- By Liza Torborg
Mayo Clinic Q and A: All about freckles
DEAR MAYO CLINIC: Over the past year, I have developed a number of small brown blotches on my face that darken when I’m in the sun. The spots lightened a bit over the winter, but I’m concerned they will darken again this summer. What causes this, and is there a way to avoid it from worsening? I am 25 and otherwise healthy.
ANSWER: What you are describing sounds like ephelides — also known as freckles. These small areas of extra pigmentation on the skin get darker when they are exposed to sunlight during the summer, and then they tend to fade during the winter. Freckles typically are not a sign of an underlying skin disorder, and they do not require any treatment. Check them from time to time, though. If you notice any changes, such as one of the spots growing larger or developing an irregular border, see a dermatologist to have it checked.
Ephelides most often appear tan, brown or red. Unlike some other dark skin patches, such as moles, they are flat rather than raised from the skin. Freckles are most common in people with fair skin and in those who have red hair. Freckles generally develop in childhood, adolescence or young adulthood, and they may increase in number and distribution during that time.
A hallmark characteristic of freckles is that they get darker when exposed to the sun’s ultraviolet (UV) light. That’s why they become more noticeable in the summertime and fade throughout the winter months.
In some case, freckles may be confused with another type of skin spot known as solar lentigines — sometimes called age spots. The difference is that solar lentigines are actually caused by frequent and prolonged sun exposure over the course of many years. Freckles, on the other hand, are typically a result of genetics. Freckles often fade or disappear with age, while solar lentigines become more common as people get older.
You can help keep freckles from getting darker, and reduce the likelihood that more will appear, by taking steps to shield your skin from sunlight, especially during the summer months.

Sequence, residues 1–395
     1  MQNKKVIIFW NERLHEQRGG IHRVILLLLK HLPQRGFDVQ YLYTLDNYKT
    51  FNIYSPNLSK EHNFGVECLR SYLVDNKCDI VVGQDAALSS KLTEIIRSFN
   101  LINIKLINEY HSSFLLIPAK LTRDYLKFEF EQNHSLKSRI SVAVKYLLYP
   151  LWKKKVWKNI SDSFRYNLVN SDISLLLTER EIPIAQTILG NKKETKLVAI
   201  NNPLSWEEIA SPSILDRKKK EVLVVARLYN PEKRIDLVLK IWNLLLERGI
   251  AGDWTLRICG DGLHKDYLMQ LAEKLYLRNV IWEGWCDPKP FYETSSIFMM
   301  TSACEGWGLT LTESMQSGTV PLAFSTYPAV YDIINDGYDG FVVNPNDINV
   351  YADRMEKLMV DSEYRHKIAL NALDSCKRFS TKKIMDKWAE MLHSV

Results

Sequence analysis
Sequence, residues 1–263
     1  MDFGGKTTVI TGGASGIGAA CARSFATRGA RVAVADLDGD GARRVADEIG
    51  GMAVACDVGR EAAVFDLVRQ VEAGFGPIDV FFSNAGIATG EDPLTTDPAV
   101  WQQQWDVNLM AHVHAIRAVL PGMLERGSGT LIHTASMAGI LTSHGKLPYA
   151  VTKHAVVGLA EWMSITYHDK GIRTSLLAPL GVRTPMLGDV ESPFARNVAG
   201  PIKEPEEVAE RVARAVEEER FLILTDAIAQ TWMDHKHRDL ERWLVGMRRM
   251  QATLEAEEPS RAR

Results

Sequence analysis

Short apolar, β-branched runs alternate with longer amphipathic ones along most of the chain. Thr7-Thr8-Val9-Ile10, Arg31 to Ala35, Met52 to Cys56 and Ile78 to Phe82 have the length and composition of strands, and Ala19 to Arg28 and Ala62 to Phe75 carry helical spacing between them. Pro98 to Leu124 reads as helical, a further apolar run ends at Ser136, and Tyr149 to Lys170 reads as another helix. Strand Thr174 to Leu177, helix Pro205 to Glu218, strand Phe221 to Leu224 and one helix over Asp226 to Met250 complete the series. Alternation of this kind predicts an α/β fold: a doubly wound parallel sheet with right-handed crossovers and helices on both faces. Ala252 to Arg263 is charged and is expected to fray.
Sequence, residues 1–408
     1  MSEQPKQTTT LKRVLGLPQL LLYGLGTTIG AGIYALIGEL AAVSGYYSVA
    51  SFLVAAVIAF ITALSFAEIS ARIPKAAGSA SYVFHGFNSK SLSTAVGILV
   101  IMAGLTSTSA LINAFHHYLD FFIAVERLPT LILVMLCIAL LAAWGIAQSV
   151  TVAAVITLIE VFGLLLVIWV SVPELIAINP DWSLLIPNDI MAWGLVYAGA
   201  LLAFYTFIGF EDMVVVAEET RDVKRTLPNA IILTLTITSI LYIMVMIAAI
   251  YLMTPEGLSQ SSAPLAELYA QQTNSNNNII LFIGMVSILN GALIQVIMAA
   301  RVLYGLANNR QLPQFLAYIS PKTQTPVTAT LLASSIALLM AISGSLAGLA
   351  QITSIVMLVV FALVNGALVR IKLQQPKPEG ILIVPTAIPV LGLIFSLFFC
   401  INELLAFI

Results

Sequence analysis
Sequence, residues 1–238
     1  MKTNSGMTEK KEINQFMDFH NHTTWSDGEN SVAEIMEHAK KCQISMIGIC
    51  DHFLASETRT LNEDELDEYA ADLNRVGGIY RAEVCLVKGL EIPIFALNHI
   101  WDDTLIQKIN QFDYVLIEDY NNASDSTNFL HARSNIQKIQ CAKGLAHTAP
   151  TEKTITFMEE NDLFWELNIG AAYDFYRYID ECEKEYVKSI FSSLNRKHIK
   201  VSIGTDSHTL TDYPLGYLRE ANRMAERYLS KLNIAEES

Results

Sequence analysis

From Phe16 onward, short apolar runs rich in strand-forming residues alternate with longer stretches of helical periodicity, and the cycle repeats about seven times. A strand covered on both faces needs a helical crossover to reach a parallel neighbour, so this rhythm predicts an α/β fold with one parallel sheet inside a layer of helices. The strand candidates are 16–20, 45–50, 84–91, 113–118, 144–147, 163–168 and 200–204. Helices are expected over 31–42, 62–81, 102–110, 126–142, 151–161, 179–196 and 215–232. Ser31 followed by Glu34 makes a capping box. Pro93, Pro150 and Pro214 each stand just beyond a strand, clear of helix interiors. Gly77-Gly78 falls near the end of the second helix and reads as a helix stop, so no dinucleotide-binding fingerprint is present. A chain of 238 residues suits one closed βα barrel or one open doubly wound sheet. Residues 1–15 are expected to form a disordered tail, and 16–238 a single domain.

Use a broad-spectrum sunscreen with a sun protection factor, or SPF, of 30 or higher whenever you are outdoors. Wear sunscreen — even if the sun is not shining, as UV light penetrates through clouds and reflects off water, snow and other surfaces. Apply sunscreen generously and frequently to all areas of exposed skin, particularly after you have been swimming or sweating.
To further shield your skin from the sun’s damaging rays, wear protective gear, such as a broad-brimmed hat and sunglasses, and limit your time outdoors when the sun is strongest during the late morning and early afternoon. Never use a tanning bed.
Although freckles are harmless, it is important to keep an eye on skin changes and be familiar with what’s normal for your skin. Skin cancer is one of the most common types of cancer, so know its signs and symptoms. If you notice anything out of the ordinary, see a dermatologist.
In particular, watch for new dark patches appearing on your skin that have not been there before. Notice if a patch of skin changes color; becomes darker in only one area; becomes uneven, jagged or scalloped around the edges; grows larger; or changes in height. If any of that happens, see a dermatologist. If a darker area of skin bleeds, itches or becomes tender, evaluate that promptly, too. — Dr. Julio Sartori Valinotti, Dermatology, Mayo Clinic, Rochester, Minnesota